Odd Lips with a calf she brought to Logans Beach during a previous visit.
UPDATE, 4.30PM: Warrnambool’s whale season is heating up.
Anticipation is rising that a southern right whale and calf will take up residency at Logans Beach after “Odd Lips” was again sighted there on Monday.
Avid whale watcher Peter Read said “Odd Lips” had made visits to Logans Beach for about the past seven days and the expectation was that she was soon to give birth.
Odd Lips has brought a calf to Logans Beach twice before.
Mr Read said she was behaving differently to other years by alternating between coming close to shore and going well offshore and then disappearing for periods of time.
Previously she had stuck close to Logans Beach before giving birth, he said.
Mr Read said another two southern rights were sighted off the Warrnambool breakwater and in Lady Bay on Monday afternoon but they moved off later in the afternoon.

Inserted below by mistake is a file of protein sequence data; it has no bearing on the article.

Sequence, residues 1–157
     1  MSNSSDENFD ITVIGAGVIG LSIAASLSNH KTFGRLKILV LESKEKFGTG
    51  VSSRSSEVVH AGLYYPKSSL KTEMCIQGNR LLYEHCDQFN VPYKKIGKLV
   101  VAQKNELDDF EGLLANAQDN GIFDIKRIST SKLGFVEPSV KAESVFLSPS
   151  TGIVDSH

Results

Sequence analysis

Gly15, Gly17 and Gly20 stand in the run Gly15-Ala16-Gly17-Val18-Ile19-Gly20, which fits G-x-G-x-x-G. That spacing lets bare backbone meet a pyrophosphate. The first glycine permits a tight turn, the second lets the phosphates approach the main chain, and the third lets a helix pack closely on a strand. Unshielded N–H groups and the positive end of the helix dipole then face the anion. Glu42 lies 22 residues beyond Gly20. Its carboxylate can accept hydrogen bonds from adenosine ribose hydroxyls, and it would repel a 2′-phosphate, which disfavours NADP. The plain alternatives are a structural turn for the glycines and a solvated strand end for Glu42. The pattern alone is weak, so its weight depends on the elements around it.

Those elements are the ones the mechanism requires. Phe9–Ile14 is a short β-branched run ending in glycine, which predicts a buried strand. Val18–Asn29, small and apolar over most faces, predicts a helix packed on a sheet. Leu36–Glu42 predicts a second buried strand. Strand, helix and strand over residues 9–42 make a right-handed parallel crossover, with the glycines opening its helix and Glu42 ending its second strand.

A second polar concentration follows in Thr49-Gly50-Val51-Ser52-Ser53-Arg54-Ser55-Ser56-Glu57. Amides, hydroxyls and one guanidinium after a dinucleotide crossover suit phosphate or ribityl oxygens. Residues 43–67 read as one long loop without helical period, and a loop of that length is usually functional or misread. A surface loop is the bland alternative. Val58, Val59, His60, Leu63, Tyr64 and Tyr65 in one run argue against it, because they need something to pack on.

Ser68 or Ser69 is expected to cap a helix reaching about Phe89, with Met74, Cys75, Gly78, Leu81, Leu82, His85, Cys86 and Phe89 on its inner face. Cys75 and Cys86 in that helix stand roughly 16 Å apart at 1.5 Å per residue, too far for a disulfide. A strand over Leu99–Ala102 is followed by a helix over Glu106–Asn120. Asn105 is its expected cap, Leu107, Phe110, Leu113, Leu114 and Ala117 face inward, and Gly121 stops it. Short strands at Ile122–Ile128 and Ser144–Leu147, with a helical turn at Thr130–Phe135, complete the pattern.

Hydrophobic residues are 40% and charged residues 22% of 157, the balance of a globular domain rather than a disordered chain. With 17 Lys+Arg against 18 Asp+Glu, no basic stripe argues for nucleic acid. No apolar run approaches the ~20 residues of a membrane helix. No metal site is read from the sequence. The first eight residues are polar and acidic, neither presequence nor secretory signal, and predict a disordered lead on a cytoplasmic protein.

He said the two were likely to be young males looking to mate with a female.
EARLIER: Whale fans are hoping a southern right whale sighted off Logans Beach today is ‘Odd Lips’ who is a good chance to calve.
Odd Lips was at Logans Beach for three days last week and whale watchers believe her several appearances indicate she is likely to give birth.
Avid whale watcher Peter Read said there was a southern right about 2.5 kilometres off shore this morning with a pod of humpback whales about three kilometres further out.
He said he had not yet been able to positively identify the whale as Odd Lips, who has twice visited Logans Beach to give birth.
The arrival of whales is later than normal but Mr Read said late June to early July was the prime time for whales and he expected more whales would arrive soon.
“There are other whales at Armstrong Bay, west of Warrnmabool,” he said.
Department of Environment, Land, Water and Planning (DELWP) environment programs officer Mandy Watson said coming and going was normal behaviour for whale cows before calving and she was confident ‘Odd Lips’ would bring a calf to Logans Beach.
She was able to identify ‘Odd Lips’ last week with the use of photographs taken by ‘citizen scientists,’ volunteers who supply DELWP with photos of whales they had spotted.